Was a German lawyer being too clever when he pressed for the Frankfurt prosecutor to bring criminal damage proceedings against a fax marketer?
Topic: Fax Marketing
Where: Regional Prosecutor of Frankfurt am Main
When: December 2001
A German lawyer received an unsolicited marketing fax. He regarded the unwanted use of fax paper and toner as damage to his property. So he started legal proceedings. In December 2001 the Regional Prosecutor of Frankfurt am Main refused to raise an accusation against the fax sender. He decided that the use of fax-paper against the will of the receiver does not lead to punishable damage to property.
The Prosecutor pointed out that the special economic purpose of fax paper lies in its use for receiving fax messages. As a basic principle of German criminal law no damage to property can be seen in doing no more than using something as it was intended. Simply that the use takes place against the desires and/or interests of the owner is not sufficient for assuming a criminal offence.
Why this matters:
The prosecutor's decision only concerns the question whether in unsolicited sending of a fax a punishable action can be seen. Probably he would have decided differently if the sender had sent a lot of content and used a lot of toner and paper.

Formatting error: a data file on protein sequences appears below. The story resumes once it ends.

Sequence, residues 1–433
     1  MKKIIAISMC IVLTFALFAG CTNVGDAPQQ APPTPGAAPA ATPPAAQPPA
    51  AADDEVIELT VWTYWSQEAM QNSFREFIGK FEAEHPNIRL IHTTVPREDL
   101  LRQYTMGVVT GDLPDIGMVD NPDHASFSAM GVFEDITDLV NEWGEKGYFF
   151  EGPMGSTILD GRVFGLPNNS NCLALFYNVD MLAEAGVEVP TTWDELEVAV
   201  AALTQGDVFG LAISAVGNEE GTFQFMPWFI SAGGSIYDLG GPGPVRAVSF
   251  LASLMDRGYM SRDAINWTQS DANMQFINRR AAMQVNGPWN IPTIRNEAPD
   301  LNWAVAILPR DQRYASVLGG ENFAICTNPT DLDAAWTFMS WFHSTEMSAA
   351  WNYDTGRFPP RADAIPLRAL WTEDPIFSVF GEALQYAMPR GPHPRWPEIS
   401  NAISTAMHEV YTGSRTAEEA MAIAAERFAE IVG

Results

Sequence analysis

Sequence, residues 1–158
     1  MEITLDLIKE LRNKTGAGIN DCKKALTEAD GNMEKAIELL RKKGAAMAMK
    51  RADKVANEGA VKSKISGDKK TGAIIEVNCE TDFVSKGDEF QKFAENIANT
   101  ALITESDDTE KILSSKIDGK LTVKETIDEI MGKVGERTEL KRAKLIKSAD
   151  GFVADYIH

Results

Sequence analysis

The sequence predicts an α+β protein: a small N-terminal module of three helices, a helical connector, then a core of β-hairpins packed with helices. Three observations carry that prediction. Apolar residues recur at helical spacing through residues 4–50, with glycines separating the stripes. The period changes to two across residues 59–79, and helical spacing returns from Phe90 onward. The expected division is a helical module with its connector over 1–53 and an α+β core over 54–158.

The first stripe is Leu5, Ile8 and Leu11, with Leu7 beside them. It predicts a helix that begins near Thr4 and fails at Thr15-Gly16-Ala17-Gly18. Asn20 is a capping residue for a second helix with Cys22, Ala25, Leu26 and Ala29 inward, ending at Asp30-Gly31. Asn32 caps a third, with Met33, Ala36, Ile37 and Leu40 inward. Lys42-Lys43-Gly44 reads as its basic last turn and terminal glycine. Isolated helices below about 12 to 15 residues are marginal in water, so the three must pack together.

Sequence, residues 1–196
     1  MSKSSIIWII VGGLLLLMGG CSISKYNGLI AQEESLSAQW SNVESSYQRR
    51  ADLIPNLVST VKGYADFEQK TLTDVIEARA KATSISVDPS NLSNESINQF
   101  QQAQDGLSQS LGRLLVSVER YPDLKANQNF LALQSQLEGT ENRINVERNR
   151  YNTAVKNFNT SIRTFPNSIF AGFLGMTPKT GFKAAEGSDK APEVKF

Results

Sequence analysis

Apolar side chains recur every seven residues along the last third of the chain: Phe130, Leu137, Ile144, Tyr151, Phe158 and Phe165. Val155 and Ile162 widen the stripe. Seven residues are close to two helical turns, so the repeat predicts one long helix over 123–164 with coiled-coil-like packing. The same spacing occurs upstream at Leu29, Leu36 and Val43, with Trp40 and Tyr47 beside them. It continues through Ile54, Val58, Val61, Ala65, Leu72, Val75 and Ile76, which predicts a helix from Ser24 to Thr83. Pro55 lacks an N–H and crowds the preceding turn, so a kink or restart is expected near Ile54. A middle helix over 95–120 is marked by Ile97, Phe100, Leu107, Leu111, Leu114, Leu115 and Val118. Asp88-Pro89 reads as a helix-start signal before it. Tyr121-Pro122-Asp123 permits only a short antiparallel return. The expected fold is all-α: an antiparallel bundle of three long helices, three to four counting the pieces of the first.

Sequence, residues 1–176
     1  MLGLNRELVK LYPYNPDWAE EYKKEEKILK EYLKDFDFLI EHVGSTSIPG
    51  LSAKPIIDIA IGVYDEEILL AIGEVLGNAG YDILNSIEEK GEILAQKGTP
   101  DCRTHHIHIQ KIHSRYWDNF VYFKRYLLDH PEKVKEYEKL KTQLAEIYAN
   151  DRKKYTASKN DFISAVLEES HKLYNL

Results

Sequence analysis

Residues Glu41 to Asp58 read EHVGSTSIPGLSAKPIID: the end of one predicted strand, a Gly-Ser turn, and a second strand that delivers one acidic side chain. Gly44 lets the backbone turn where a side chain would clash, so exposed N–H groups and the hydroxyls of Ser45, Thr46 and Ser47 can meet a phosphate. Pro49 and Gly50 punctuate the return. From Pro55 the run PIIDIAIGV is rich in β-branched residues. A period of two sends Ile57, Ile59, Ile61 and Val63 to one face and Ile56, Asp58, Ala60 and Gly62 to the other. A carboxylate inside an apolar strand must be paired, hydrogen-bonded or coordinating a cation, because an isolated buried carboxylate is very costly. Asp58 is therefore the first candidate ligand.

A separate point is that from the perspective of German competition and civil law the answer to the question as to whether the unsolicited sending of a fax is legally admissible is completely different:
In accordance with the permanent jurisdiction of The Federal High Court of Germany, marketing by way of unsolicited sending of faxes is basically an unreasonable advertising form. In contrast to advertisements by mail, the receiver of fax advertisements must keep the fax machine (incl. paper and toner) constantly ready for use. Additionally the fax machine is temporarily blocked during the receiving of the advertising fax. For these reasons a fax sender can't assume that his addressee generally agrees with receiving a fax.
Only if the receiver of the fax has expressly agreed with the transmittal or if this agreement can be assumed by means of other factors, is it permissible to send advertisement faxes. This is for example possible when a business relationship already exists or if press releases urgently have to be sent out. But for the acquisition of new clients the fax can never be compliantly used because this purpose can also be achieved with a normal letter.
If companies offend against these competition rules a competitor or a private addressee of an advertisement fax can complain and damages can be awarded. In this regard it doesn't make any difference whether one or more unsolicited fax has been sent out.